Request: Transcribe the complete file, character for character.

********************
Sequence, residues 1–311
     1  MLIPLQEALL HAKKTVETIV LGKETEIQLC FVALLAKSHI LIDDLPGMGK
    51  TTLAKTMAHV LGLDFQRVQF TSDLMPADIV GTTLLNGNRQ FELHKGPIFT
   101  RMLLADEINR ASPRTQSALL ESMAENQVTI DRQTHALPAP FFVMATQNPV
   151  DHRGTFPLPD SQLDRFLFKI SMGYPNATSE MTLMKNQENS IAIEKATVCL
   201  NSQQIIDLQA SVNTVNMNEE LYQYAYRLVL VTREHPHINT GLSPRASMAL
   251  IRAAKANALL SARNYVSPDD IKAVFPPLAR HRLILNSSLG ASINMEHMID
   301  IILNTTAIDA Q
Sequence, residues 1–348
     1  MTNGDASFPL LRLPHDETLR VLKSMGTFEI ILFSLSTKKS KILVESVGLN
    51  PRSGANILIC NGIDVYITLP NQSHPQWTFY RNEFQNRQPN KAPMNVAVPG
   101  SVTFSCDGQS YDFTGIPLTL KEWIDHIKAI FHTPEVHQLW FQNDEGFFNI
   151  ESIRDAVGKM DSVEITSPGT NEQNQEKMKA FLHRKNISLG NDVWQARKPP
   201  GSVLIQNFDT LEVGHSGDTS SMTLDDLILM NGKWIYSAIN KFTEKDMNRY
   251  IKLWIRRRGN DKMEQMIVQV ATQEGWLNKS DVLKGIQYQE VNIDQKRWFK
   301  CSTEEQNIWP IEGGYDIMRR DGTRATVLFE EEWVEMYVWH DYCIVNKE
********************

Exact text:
Sequence, residues 1–311
     1  MLIPLQEALL HAKKTVETIV LGKETEIQLC FVALLAKSHI LIDDLPGMGK
    51  TTLAKTMAHV LGLDFQRVQF TSDLMPADIV GTTLLNGNRQ FELHKGPIFT
   101  RMLLADEINR ASPRTQSALL ESMAENQVTI DRQTHALPAP FFVMATQNPV
   151  DHRGTFPLPD SQLDRFLFKI SMGYPNATSE MTLMKNQENS IAIEKATVCL
   201  NSQQIIDLQA SVNTVNMNEE LYQYAYRLVL VTREHPHINT GLSPRASMAL
   251  IRAAKANALL SARNYVSPDD IKAVFPPLAR HRLILNSSLG ASINMEHMID
   301  IILNTTAIDA Q
Sequence, residues 1–348
     1  MTNGDASFPL LRLPHDETLR VLKSMGTFEI ILFSLSTKKS KILVESVGLN
    51  PRSGANILIC NGIDVYITLP NQSHPQWTFY RNEFQNRQPN KAPMNVAVPG
   101  SVTFSCDGQS YDFTGIPLTL KEWIDHIKAI FHTPEVHQLW FQNDEGFFNI
   151  ESIRDAVGKM DSVEITSPGT NEQNQEKMKA FLHRKNISLG NDVWQARKPP
   201  GSVLIQNFDT LEVGHSGDTS SMTLDDLILM NGKWIYSAIN KFTEKDMNRY
   251  IKLWIRRRGN DKMEQMIVQV ATQEGWLNKS DVLKGIQYQE VNIDQKRWFK
   301  CSTEEQNIWP IEGGYDIMRR DGTRATVLFE EEWVEMYVWH DYCIVNKE